America has a big problem when it comes to viewing and appreciating second-place teams in any competition whatsoever. "Second place is the first loser," people say. Few statements could be more idiotic. Just think: Being second-best in any field of human endeavor means that only one person, team or organization is better than you are. Only one. In all the world. The Buffalo Bills should be celebrated for being the only team (not the 1970s Steelers, not the 1980s Forty Niners, not the 1990s Cowboys, not the Patriots of this decade) to make four straight Super Bowls. Hell, no one else even made three Supes in a row! And yet the Bills are a cultural punching bag? Doesn't make sense. Neither does it make sense that the Braves--who won 14 straight division championships (if you omit the strike-destroyed 1994 season) and claimed five pennants during that run of excellence--should be viewed as losers. Know who the real losers in baseball are? The Washington Nationals. The Kansas City Royals. The Pittsburgh Pirates. Those are losers. The Braves, for a solid decade and a half, knew nothing but winning.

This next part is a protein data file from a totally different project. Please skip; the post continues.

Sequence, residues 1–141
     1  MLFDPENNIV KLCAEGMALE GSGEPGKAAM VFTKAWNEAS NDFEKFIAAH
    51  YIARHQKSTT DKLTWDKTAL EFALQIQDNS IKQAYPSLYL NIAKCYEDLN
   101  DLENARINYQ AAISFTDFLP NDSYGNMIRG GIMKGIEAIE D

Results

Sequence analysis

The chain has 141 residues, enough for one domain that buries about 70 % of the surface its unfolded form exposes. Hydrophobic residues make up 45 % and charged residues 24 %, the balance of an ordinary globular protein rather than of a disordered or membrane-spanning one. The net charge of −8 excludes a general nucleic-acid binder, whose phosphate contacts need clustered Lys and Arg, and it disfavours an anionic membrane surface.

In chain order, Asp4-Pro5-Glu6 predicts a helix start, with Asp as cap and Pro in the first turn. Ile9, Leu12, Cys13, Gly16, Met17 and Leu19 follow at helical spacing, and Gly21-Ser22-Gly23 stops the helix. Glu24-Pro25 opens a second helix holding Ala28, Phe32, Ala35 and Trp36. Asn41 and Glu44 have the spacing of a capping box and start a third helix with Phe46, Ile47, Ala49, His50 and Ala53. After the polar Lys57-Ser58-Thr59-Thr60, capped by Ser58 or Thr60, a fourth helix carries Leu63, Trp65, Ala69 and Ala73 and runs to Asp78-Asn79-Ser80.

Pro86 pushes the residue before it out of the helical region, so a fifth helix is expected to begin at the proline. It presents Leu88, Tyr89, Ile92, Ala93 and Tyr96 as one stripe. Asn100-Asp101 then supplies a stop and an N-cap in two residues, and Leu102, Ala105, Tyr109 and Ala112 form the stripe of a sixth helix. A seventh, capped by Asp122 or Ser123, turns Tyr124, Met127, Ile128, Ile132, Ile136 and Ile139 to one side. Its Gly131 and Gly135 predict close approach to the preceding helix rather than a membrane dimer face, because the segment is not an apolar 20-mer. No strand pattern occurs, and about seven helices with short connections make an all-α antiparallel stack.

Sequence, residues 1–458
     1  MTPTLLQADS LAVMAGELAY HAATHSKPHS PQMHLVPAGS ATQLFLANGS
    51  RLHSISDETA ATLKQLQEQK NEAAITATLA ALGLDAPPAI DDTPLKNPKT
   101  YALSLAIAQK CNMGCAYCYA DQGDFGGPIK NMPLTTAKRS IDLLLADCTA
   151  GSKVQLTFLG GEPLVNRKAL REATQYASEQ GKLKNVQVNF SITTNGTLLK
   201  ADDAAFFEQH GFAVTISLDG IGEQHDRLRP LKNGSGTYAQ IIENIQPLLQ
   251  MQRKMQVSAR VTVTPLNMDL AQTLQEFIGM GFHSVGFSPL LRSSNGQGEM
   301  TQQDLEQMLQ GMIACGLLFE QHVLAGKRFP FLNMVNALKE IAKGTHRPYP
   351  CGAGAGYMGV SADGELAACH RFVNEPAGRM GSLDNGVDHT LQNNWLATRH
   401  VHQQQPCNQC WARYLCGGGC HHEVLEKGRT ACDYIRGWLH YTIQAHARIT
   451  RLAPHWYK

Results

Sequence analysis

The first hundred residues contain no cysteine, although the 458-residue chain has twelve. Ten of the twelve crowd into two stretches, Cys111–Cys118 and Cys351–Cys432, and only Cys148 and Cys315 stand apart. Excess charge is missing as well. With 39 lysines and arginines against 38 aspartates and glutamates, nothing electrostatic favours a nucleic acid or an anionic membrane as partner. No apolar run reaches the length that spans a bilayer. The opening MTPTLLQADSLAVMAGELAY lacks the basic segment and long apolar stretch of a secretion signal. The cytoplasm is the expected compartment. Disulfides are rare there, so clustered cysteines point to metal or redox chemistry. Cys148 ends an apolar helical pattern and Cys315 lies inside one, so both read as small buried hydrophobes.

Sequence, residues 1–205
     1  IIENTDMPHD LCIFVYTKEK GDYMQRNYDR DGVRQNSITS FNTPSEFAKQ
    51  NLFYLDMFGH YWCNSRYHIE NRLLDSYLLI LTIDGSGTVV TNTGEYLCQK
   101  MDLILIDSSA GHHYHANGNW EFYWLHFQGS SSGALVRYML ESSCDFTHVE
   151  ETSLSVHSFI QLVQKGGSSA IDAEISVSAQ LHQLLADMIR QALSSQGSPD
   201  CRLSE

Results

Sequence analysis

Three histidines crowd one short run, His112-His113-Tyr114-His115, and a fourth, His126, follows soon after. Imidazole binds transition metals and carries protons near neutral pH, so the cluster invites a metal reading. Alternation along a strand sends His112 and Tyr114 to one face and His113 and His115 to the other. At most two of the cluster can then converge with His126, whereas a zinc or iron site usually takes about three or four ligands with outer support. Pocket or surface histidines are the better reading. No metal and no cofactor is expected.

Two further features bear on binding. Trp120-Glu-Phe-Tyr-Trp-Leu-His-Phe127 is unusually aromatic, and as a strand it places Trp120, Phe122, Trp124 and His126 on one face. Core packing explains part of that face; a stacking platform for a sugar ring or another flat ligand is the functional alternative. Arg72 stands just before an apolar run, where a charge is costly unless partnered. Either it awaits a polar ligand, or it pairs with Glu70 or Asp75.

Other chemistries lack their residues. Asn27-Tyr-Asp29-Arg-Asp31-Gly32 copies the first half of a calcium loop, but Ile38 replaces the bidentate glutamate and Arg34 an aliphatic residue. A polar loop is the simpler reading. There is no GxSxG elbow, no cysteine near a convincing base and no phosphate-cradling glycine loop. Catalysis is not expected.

Ohio State football has been blessed in the Jim Tressel era. BCS bowls are a regular occurrence; Big Ten titles are the norm, not the exception. Michigan is now an inferior, not an equal. Life isn't perfect, but it sure is good, if you're a Buckeye fan. So be content with your program. Perfection is not a natural part of life in college football (as said above in the short-form section of this column), as this decade has shown. Miami had a 34-game winning streak until your team, superbly coached by Tressel himself, knocked off the Canes in Tempe on that unforgettable night in 2003. For all their wins, the Canes could only put together one perfect season in the Ken Dorsey era. The same fate befell Pete Carroll's Trojans, who matched Miami's 34-game joyride, but only captured one official BCS national title, courtesy of Vince Young's heroics in the 2006 Rose Bowl. What's really ironic about this particular decade is that the team with the most national championships since the year 2000--LSU--has not been the most consistent team in the sport... far from it. The Tigers trail the Buckeyes, USC and Oklahoma in terms of conference championships won this decade, and had the Louisiana Superdome not been the site of LSU's two national title games, the Bayou Bengals might very well have won only one championship, and possibly even none. People fail to remember that little inconvenient truth: LSU basically got to play a home game against Ohio State, but observers acted as though that was no disadvantage to the Buckeyes. That kind of ignorance emerges when a successful program is held to a double standard.